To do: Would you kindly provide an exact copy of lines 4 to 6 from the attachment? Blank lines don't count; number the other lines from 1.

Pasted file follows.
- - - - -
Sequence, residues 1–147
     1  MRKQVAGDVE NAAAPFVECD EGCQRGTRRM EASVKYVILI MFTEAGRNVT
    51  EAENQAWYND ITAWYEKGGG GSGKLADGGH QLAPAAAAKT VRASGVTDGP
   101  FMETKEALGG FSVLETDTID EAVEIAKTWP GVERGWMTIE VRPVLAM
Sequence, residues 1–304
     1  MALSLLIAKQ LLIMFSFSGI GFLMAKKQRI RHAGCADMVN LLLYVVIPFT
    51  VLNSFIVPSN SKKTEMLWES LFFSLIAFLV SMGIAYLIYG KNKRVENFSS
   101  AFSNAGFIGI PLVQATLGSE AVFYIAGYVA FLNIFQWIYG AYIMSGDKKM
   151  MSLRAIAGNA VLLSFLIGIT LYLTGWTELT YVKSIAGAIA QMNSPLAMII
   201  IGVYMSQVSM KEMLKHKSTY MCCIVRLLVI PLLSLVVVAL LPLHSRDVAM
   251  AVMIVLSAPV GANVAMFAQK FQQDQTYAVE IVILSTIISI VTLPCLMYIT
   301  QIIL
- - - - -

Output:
   101  FMETKEALGG FSVLETDTID EAVEIAKTWP GVERGWMTIE VRPVLAM
Sequence, residues 1–304
     1  MALSLLIAKQ LLIMFSFSGI GFLMAKKQRI RHAGCADMVN LLLYVVIPFT